This has got to be my favorite commencement speech EVER…
SKIP ahead to 3:00 to get to the good stuff……
Wellesley High English teacher David McCullough Jr. told graduates “You are not special. You are not exceptional,” quoting empirical evidence:
“Across the country no fewer than 3.2 million seniors are graduating about now from more than 37,000 high schools. That’s 37,000 valedictorians … 37,000 class presidents … 92,000 harmonizing altos … 340,000 swaggering jocks … 2,185,967 pairs of Uggs,” he said in the speech published in the Boston Herald.
He added: “Even if you’re one in a million, on a planet of 6.8 billion that means there are nearly 7,000 people just like you.”
McCullough makes a statement on parents who overdo it in a modern society focused on collecting achievements. “You’ve been pampered, cosseted, doted upon, helmeted, bubble wrapped … feted and fawned over and called sweetie pie.” But he adds in a video on Wellesley Channel TV YouTube page, “You see, if everyone is special, then no one is. If everyone gets a trophy, trophies become meaningless. … We have of late, we Americans, to our detriment, come to love accolades more than genuine achievement.”
He sums it up well, why is this on my mind? – 2 reasons – recently I saw our local honor roll, and I swear half the school is getting straight A’s – and my inner statistician is abit skeptical of that. And soon at high school graduations, I bet you see lots of 4.0 graduating seniors – I graduated with nearly 200 students and I know we did not have more than a few perfect grades at most, and we had some pretty damn smart kids in our class (lot of lawyers, doctors, even some Computer Scientists ) – should that bother me? – no, It shouldn’t at all – I mean, it’s this generation’s problem with how they will mark achievement but its one of those things that just feels abit off.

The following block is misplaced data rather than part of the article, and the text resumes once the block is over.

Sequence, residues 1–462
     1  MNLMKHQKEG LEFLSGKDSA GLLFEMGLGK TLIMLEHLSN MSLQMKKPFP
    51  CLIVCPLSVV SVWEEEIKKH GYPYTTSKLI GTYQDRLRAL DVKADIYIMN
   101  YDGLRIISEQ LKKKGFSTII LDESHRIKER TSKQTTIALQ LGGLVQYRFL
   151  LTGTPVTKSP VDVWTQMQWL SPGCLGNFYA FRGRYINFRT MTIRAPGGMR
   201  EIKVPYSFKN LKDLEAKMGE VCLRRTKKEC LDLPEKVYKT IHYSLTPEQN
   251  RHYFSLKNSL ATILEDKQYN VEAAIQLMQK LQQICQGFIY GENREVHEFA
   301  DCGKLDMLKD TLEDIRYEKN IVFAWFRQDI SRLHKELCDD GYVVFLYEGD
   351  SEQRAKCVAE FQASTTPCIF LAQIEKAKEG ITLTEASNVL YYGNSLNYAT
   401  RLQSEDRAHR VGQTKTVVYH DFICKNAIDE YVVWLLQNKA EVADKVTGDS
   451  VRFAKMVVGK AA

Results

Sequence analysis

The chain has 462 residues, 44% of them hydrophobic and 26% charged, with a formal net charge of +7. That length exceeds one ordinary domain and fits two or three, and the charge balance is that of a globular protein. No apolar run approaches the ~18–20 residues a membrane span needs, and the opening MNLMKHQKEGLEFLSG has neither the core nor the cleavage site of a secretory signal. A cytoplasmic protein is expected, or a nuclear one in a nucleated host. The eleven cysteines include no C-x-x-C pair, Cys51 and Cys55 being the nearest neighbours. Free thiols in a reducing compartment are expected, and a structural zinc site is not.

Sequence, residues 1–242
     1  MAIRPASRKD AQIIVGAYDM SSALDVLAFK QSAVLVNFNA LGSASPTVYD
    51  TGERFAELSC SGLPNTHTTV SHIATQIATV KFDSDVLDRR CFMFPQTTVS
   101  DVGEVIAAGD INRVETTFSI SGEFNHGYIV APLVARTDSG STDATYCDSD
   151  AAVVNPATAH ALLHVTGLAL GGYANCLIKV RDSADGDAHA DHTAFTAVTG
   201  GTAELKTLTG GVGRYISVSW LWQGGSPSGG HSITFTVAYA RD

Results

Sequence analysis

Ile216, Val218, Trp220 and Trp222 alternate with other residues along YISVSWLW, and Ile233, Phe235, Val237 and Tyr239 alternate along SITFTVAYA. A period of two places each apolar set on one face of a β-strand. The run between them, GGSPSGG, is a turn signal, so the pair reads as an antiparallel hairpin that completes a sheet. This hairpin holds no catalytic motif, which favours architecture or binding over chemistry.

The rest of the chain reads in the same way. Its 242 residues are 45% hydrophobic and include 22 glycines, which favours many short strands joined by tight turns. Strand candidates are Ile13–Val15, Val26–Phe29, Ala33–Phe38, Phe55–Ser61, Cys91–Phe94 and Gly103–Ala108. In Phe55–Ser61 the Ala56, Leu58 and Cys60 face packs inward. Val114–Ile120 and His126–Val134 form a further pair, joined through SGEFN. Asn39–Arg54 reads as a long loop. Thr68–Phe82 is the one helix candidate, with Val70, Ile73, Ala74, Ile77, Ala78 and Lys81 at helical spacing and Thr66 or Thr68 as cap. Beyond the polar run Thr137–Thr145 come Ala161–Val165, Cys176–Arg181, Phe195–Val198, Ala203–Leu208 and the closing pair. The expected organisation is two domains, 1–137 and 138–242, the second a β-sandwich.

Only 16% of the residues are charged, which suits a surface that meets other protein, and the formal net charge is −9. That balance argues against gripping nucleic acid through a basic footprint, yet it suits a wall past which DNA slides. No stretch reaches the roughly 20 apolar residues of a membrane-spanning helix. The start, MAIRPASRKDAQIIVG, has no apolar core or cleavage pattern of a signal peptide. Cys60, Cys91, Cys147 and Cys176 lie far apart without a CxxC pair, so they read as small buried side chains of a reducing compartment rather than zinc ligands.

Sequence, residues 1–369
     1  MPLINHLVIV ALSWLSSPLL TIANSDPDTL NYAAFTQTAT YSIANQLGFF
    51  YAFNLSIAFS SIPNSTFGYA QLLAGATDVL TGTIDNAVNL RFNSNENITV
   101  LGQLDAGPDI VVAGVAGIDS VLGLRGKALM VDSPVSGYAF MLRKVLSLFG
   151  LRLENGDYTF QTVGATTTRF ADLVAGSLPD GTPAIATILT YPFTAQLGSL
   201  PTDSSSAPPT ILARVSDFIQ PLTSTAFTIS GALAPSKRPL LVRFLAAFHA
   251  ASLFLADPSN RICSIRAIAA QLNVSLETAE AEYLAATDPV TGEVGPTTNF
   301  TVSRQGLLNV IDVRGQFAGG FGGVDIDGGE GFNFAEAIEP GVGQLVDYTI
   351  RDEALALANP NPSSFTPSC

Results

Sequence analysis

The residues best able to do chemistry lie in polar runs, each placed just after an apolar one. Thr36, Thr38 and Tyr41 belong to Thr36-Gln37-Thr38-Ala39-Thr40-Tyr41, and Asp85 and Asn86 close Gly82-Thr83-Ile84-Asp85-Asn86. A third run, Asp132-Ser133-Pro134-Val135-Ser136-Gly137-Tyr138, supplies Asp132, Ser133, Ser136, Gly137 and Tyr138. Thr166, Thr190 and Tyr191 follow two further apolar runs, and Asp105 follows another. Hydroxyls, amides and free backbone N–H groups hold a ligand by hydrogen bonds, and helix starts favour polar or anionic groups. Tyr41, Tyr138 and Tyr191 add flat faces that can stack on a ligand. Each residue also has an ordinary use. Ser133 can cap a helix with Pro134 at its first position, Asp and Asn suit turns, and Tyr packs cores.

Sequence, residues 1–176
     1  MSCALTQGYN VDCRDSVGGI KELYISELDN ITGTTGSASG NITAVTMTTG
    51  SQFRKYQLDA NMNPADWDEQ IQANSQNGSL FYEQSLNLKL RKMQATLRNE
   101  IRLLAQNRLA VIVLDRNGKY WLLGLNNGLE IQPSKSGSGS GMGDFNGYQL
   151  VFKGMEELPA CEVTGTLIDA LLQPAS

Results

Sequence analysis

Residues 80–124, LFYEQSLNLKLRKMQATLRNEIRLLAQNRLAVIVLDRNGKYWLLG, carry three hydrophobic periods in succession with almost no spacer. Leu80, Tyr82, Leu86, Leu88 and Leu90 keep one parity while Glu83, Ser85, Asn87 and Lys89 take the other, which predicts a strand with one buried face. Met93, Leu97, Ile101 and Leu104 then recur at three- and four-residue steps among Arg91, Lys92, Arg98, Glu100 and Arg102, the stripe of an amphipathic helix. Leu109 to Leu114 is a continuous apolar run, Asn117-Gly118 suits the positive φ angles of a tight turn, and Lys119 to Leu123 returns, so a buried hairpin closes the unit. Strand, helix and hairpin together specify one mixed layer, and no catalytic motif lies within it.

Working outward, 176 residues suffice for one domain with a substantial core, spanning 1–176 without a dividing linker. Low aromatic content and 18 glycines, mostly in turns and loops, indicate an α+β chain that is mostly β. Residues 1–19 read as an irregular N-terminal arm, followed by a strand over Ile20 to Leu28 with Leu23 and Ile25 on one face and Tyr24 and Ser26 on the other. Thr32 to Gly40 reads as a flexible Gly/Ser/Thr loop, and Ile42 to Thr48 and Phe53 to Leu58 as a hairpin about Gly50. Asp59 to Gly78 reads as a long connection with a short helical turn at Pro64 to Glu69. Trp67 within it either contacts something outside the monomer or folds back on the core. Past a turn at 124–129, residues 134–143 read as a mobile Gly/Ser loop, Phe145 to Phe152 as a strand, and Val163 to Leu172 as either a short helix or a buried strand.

Or Check out this article about grade inflation in the colleges, proving that for most, you get what you pay for
Soon GPAs are going to be assumed to start with a “4”, and we will just have to go out a few more decimal points as we will separate students in honors classes with a few extra thousandths here and there. Don’t get me wrong, I am still going to celebrate every good grade of my kids, my nephews/nieces, and friends of the family however David McCullough’s quote is going to stick with me “We have of late, we Americans, to our detriment, come to love accolades more than genuine achievement.”
So tonight, sure I could go online and pick up another Masters degree based on “life experiences” from a non-accredited university that sounds real enough, but I have a feeling that finishing by book on Data Sciences might prove to be the choice that brings genuine achievement – just a hunch from a guy who did not graduate with a 4.0.